The trick to staying competitive in the Democratic presidential primary is money—and lots of it.
So it’s at the close of the third fundraising quarter that a couple of middle-tier candidates have showcased a new fundraising strategy: Telling their supporters it’ll be the end of their campaigns if they don’t get the support they need.
Sen. Cory Booker and former HUD Secretary Julián Castro both framed the end of September in stark terms. Booker’s campaign argued that if he didn’t raise $1.7 million by Sept. 30, he didn’t see a viable path forward. Castro’s campaign argued that if he didn’t make the November debate stage, he would have to end his campaign (though his campaign has since walked back the rhetoric). Booker made his campaign goal. Castro, according to his campaign, has yet to reach the polling threshold for the fourth debate.
Democrats have long been known to ring the alarms in an effort to fill their campaign coffers, but the new strategy of being brutally and shamelessly honest with voters is new.
“There’s a difference between being straightforward and honest with your supporters and essentially bullshitting them. Like the sky is falling down, final notice, we are all doomed language is alarmist,” says Matthew McGregor, a London-based political strategist who worked on the Obama campaign. “If it wasn’t true, it was fantastically well put together, authenticity-like content. But I think it was true. I think they did need that money.”
McGregor argues there is a generational factor at work, with both Booker and Castro on the younger end of the spectrum of candidates running (Booker is 50 and Castro is 45). They’re young enough that they’re closer to digital natives than the frontrunners in the race like former Vice President Joe Biden, Sen. Elizabeth Warren and Sen. Bernie Sanders. Booker, in particular, arrived on the national stage thanks in large part to Twitter.
“This is evidence that politics, especially on the Democratic side and especially among younger candidates, is changing,” McGregor says. “The willingness to be open and transparent is just a feature of how people are online nowadays.”
It all started earlier this month, with Booker’s campaign sending out a memo to supporters from his campaign manager, Addisu Demissie, saying that the campaign set a deadline of raising $1.7 million by the last day of the month, the fundraising deadline for the third quarter. Otherwise, “we do not see a legitimate long-term path forward.” The campaign pitched it as “radical transparency.”
Castro followed suit last week, with a fundraising email that said, “If I don’t make the next debate stage, it will be the end of my campaign.”
Making the debate stage matters because of all of the visibility that comes with it. Both candidates have already qualified for the October debate, but the November debate requires candidates to either poll at 3% or higher in four national polls or 5% or higher in two early state polls—as well as receiving donations from 165,000 unique donors.
Castro’s campaign at least is trying to straddle both transparency and the acknowledgment that his campaign email was just another fundraising call.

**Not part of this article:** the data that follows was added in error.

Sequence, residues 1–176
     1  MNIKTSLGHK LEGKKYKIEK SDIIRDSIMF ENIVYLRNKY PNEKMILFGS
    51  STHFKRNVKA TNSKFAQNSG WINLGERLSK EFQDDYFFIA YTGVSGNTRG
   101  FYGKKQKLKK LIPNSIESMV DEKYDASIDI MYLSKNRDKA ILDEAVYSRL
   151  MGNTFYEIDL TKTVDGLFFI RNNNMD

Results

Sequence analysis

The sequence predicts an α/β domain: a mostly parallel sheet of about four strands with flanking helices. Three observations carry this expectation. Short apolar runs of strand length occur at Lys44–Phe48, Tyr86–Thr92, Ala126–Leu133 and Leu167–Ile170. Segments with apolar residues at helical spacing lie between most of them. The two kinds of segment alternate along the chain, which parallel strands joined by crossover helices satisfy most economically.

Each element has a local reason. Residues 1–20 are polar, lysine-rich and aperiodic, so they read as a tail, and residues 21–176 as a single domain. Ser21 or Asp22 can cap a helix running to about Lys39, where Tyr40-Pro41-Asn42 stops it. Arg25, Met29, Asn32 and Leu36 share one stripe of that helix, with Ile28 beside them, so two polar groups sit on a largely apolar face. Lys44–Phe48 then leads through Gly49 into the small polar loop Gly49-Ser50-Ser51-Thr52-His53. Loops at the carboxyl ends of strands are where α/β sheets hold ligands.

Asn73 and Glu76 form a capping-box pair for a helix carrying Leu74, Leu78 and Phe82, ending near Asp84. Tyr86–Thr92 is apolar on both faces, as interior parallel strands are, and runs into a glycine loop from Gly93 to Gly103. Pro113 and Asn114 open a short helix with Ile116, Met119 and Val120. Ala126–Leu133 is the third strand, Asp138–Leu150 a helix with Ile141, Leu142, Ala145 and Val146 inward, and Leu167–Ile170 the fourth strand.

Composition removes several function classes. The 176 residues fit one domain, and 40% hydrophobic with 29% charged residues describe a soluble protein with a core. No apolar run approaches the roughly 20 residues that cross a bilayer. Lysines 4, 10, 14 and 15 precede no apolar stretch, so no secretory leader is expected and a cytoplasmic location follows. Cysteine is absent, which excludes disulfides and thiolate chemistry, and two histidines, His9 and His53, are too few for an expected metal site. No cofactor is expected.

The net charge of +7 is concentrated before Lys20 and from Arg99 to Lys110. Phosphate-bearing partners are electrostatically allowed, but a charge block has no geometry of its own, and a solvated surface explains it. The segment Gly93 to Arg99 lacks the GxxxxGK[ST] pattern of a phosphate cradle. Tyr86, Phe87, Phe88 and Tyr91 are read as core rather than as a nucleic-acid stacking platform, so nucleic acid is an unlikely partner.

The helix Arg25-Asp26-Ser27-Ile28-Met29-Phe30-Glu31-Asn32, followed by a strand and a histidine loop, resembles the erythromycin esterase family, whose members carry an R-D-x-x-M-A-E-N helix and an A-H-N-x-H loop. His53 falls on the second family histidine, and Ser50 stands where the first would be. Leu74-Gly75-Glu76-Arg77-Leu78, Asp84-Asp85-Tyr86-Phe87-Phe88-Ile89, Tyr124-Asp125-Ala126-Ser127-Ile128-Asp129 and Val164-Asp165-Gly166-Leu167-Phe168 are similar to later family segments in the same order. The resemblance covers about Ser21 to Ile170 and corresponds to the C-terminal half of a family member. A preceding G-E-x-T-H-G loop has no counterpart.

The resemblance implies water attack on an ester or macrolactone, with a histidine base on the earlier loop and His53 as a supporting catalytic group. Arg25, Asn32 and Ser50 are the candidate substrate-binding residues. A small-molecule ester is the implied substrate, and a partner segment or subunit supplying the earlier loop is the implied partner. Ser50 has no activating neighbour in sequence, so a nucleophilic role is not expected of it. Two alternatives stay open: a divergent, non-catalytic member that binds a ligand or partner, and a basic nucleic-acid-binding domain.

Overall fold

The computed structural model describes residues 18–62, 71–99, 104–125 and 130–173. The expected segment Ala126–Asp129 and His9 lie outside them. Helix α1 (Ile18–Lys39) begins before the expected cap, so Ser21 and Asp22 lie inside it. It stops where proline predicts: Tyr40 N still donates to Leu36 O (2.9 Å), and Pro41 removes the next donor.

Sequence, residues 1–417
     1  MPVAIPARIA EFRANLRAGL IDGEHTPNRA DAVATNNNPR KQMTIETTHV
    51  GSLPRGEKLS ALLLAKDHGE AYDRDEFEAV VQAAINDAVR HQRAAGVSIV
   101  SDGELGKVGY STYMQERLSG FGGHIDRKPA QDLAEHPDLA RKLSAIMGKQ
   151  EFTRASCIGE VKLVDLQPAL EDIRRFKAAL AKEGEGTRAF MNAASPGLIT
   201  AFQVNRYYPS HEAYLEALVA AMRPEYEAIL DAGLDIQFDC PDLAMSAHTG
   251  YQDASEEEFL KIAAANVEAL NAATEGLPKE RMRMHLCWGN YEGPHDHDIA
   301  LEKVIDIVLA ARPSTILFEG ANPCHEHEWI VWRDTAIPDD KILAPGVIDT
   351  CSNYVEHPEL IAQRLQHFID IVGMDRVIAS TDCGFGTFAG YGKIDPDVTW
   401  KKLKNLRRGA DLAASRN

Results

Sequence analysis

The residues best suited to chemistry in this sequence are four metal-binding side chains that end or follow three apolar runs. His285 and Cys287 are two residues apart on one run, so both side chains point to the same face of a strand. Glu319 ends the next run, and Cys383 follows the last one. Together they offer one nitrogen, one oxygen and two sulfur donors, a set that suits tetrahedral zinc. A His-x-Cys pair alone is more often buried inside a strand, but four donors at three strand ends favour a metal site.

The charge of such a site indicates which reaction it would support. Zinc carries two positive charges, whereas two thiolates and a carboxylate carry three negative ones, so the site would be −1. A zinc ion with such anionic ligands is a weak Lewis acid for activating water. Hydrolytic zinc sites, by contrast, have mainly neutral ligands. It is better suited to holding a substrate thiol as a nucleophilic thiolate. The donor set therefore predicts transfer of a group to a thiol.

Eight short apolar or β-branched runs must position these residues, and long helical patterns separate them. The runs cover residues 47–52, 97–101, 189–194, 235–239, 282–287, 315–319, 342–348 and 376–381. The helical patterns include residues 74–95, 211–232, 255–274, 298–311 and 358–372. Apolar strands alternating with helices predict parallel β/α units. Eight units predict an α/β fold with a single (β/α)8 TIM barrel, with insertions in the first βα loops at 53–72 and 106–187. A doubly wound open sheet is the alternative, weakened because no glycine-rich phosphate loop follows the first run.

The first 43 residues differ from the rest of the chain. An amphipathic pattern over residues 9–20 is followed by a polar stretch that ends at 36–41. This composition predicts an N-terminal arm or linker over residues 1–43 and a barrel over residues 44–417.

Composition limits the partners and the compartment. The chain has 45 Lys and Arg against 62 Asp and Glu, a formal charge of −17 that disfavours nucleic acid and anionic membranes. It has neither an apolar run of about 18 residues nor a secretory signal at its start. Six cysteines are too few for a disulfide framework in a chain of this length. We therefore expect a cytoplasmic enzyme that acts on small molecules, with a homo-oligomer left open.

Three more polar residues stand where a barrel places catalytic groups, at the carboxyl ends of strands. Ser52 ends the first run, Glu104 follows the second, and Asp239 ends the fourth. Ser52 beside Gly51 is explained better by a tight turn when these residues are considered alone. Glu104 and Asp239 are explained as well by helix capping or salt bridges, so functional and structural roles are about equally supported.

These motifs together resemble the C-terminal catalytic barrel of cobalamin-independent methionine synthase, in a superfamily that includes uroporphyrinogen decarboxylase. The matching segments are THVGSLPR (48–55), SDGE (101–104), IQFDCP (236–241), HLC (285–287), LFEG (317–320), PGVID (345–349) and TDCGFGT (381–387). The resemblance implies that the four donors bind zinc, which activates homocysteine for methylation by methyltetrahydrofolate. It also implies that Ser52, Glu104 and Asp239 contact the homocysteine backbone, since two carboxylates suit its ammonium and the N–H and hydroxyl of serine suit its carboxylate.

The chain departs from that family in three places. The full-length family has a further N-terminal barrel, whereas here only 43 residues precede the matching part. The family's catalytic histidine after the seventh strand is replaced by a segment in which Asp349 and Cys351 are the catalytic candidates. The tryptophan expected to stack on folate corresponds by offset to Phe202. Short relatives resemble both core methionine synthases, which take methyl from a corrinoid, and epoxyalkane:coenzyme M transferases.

CBS News reported that Maya Rupert, Castro’s campaign manager, said the email from his campaign was “unfortunately hyperbolic writing.”
“These emails—we’re definitely trying to convey a sense of urgency when we’re fundraising,” Sawyer Hackett, Castro’s national press secretary, tells TIME. “That’s not him saying he’s going to drop out, that’s just conveying the sense of urgency that we get into at the end of this quarter.”
Asked if Castro would drop out if he didn’t make the debate stage, Hackett says the campaign has no plans for him to do that. Hackett also says this had been the campaign’s most successful fundraising quarter yet.
“I think it’s a fundraising technique that can be a successful one. People are paying more attention to the process more so than you would expect them to,” says Jared Leopold, who served as an aide to Gov. Jay Inslee’s campaign. (Inslee dropped out of the race in August.)
“To me this is about trying to engage donors in the process, and one of the things we’ve seen this cycle is that people are hypervigilant about politics, to the point where they’re actually paying attention to the little insider stuff that used to be [the subject of] conference calls.”
Booker and Castro’s messaging has raised eyebrows among candidates in the field, with Beto O’Rourke sending out an email that taunted them: “Maybe I could do a Facebook live stream with a kitten in hand and say, ‘You know, we wouldn’t want anything to happen to this kitten now would we… Send your $5 now and Miss Whiskers will be fine.’”
South Bend, Ind. Mayor Pete Buttigieg, a leading fundraiser, also made an apparent nod to them in one of his campaign emails, albeit more subtly: “No alarm bells. No falling sky. Just the truth.”
To hear Booker’s camp tell it, this is absolutely not just a gimmick, just unprecedented honesty. Whatever it is, it’s apparently working: The campaign announced that it reached the goal on Sunday night.
“If it was a tactic, more like a gimmick, I think you would see it more in the emails,” said a Booker aide. “I just really can’t overstress how much of a real leap of faith this was. … We did not know how this was going to play. So like, it could have been successful, it could not have been.”
The aide noted that typically campaign memos are written to show you’re in a “position of strength.”
This change in approach also comes in the wake of the Donald Trump-Ukraine scandal that has led to a formal impeachment inquiry of the President; it has become the dominating subject of the news cycle. For candidates who are not in the top tier—Biden, Warren and Sanders, give or take a couple of the other candidates—it could become increasingly difficult to break out.
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